Showing posts with label Butterflies. Show all posts
Showing posts with label Butterflies. Show all posts

Monday, June 24, 2013

Butterfly Catchers

Every spring I used to worry that I was suddenly losing my eyesight, but now I know that it is just my allergies, and if I wait it out it will get better again! Today I was finally able to see well enough to put the finishing touches on the next section of my Août sampler:

These two are spending their August vacation catching butterflies!

While all my even weave projects have been on the shelf, I've been making good progress on the Lima Beans, which are stitched on 18 ct aida. I'm in the home stretch now, so I hope to show you that soon. The next section of the Summer Sampler is almost ready too.

Riviera Star, unfortunately, has ground to a halt. I still have to cut the fabric for the next section. That's always a hurdle, isn't it? The sewing is the fun part. But the weather forecast is for a hot and humid week, so I don't think I'll be ironing and cutting any time soon. More hand sewing to come!

In the meantime, here's Août so far:

Saturday, November 3, 2012

Viceroy Butterfly Progress

Here is my progress on the Viceroy butterfly for my Meadow quilt:

I was worried that these were going to take forever, but actually it is not as slow as I thought. I have done the split stitch outline, and made a good start on the long and short stitch filling.

I am trying to get a satiny effect from the long and short stitch, with no obvious lines or bumps. It takes practice! I intend to get serious use from this quilt, so I am keeping the stitches a little shorter, at about 1/4" to 3/8". It is challenging to the keep the stitch length about the same, yet place them randomly enough that no lines or bumps appear. I think my success is only moderate, especially compared to the photo of the original further down, but it is a quilt, not an art piece, so I think I can get away with it. A good opportunity to practice!

I have read some debate online about whether you should come up through the previous stitching, or go down through it. I believe the theory is that coming up through the stitching makes smaller holes and a smoother effect. I have tried it both ways, and what is best for me, now at least, is to go down through the previous stitches, splitting the previous threads.

For the colours, I am using DMC 742, 740, and 720, light to dark:

They are all more orange than they appear in this photo. 740 especially is quite fluorescent! In the original design Susan O'Connor used Madeira stranded silk thread in a range of mahogany:

Switching to DMC cotton gives me the opportunity to punch up the colours. I have been using this photo as my colour inspiration instead. In this case, I think the brighter colours are also more realistic, although realism is less important to me than pretty! Based on the photo, most of the shading will be in the upper wings rather than the lower. I am just about to start that, I think it will be fun!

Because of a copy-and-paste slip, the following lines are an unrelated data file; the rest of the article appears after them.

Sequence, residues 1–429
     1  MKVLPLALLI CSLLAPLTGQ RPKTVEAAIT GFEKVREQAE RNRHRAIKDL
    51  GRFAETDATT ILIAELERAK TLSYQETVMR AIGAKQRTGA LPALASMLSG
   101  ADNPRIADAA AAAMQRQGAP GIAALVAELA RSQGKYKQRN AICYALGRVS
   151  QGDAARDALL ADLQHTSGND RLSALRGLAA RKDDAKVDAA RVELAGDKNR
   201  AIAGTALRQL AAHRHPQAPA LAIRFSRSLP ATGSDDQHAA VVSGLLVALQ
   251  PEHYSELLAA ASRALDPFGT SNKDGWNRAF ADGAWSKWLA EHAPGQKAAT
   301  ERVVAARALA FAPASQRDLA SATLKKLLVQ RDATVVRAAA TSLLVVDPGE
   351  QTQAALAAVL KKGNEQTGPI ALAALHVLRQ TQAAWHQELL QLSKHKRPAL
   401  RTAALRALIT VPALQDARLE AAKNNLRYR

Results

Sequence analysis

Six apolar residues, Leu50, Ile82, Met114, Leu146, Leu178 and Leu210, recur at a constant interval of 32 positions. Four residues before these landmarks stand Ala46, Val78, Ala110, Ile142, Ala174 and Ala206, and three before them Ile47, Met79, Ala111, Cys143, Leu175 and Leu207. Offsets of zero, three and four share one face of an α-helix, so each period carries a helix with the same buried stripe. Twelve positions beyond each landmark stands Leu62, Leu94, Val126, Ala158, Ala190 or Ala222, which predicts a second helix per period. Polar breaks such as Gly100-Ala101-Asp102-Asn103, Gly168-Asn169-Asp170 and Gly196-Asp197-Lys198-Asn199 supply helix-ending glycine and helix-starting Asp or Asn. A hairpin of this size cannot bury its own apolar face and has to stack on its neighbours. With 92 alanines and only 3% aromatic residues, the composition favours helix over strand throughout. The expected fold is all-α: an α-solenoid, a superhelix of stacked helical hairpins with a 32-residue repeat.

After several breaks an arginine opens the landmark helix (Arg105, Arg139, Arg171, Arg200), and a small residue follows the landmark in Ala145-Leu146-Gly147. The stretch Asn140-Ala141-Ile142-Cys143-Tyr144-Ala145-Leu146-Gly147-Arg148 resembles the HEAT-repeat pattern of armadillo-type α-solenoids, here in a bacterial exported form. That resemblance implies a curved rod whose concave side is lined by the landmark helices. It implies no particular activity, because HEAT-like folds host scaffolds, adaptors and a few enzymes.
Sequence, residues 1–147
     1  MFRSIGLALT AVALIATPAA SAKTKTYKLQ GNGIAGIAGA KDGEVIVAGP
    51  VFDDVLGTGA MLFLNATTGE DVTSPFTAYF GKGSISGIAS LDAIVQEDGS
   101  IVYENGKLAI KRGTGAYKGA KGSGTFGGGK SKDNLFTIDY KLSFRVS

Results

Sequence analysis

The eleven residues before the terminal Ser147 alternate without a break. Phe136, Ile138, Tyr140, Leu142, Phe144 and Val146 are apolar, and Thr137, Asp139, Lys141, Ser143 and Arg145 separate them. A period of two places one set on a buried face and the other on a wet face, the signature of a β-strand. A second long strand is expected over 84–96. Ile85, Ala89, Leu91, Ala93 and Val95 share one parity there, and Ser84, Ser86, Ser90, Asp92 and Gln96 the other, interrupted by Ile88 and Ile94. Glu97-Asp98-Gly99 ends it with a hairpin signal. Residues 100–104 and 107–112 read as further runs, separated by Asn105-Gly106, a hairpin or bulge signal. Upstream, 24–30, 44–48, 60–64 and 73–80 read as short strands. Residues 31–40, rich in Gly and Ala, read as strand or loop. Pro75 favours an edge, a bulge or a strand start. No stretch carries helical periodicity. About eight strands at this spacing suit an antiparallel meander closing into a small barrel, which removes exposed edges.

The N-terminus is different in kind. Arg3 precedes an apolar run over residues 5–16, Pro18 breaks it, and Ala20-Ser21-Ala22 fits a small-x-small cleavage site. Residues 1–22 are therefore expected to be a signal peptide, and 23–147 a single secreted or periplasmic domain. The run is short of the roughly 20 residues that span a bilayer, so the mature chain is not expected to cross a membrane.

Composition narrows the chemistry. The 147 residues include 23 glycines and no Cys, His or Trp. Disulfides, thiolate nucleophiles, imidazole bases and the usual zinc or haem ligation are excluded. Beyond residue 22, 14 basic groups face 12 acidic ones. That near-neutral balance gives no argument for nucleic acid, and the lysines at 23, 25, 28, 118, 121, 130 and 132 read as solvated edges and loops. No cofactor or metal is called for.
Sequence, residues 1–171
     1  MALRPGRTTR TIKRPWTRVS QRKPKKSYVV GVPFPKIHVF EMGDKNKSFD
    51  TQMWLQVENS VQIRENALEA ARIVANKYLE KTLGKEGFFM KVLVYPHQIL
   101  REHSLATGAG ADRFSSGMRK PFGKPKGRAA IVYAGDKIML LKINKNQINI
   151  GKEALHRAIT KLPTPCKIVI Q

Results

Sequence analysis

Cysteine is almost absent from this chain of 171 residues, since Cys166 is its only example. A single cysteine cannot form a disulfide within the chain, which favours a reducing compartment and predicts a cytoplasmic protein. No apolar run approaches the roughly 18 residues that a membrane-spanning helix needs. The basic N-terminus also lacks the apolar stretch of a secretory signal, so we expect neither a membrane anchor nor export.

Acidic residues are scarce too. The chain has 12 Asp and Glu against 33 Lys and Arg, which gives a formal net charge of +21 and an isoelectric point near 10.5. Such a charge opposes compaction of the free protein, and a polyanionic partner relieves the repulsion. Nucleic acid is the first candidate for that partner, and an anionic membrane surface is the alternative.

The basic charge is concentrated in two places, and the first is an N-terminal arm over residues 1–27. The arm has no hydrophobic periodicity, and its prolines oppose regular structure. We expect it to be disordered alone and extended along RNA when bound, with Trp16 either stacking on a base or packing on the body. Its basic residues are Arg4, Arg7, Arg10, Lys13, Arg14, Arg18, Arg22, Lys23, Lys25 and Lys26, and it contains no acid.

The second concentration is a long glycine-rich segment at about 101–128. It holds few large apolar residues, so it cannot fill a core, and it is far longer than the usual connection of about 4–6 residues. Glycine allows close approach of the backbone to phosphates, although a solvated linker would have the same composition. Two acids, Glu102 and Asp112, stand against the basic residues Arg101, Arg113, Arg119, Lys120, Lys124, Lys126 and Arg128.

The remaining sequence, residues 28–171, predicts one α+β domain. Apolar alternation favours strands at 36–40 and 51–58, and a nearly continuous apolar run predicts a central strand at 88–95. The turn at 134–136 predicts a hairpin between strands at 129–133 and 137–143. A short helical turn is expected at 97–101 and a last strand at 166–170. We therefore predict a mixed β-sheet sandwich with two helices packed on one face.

Wednesday, October 10, 2012

New Project - Meadow

As I mentioned on Monday, once Clara was finished I allowed myself to start a new project. In fact, in the past week I have started three. They are all projects that have been waiting in the wings for quite some time.

"Meadow" is going to be an embroidered quilt. It will be built from these massive 3" (6" across) hexagons:

After all the small English Paper Piecing I've been doing, it is a fun change of pace to work with these big ones. That is three days of basting that you are looking at. I had no idea it would take so long! But now they're going to be packed away while I start on the embroidery.

I am adapting a Susan O'Connor pattern from the Country Bumpkin book Beautiful Embroidered Quilts (2006). The pattern is "For the Love of Butterflies." Susan has embroidered oversized butterflies in Madeira stranded silk on a patchwork of Liberty lawn. There are patterns for 23 butterflies, but I think I will aim for five to ten. Her quilt is huge, mine is destined to be a lap quilt. Plus, her butterflies tend to get lost in all the floral fabrics. My position is that if I am going to spend weeks or months embroidering butterflies, you are darn well going to see them on the finished quilt. Hence all the simple green fabrics.

None of my usual stores stock Madeira stranded silk, so I have defaulted to DMC stranded cotton floss. And now that I've started, I think I will get a better range of colour with the DMC.

I've also tried a new product to transfer the design:

This is Sticky Fabri-Solvy, which comes in sheets that you can run through the printer. I already love it! You can see that this pattern would have been a nightmare to trace, so it was a blessing to be able to photocopy it onto the stabilizer. I was able to fit six butterflies on the page. Then I just cut it out, peeled off the backing, and carefully stuck it to the right side of my well-ironed fabric. I have basted it down just to be safe, because I will be handling the piece a lot. It is a little crisp, but not gummy. It feels like light Pellon. It is very easy to sew through, and provides good support for the dense long and short stitch I'm using.

Speaking of long and short stitch, this is only the second time I've used it in a project. It's going much better than the first time! I'm glad that I decided to start these butterflies before the needlepainting project that I also have in the wings, because it will give me a chance to work out the bumps in my technique.

The Fabri-Solvy also stands up well to unpicking, by the way! So this should keep me busy for quite a while. :)
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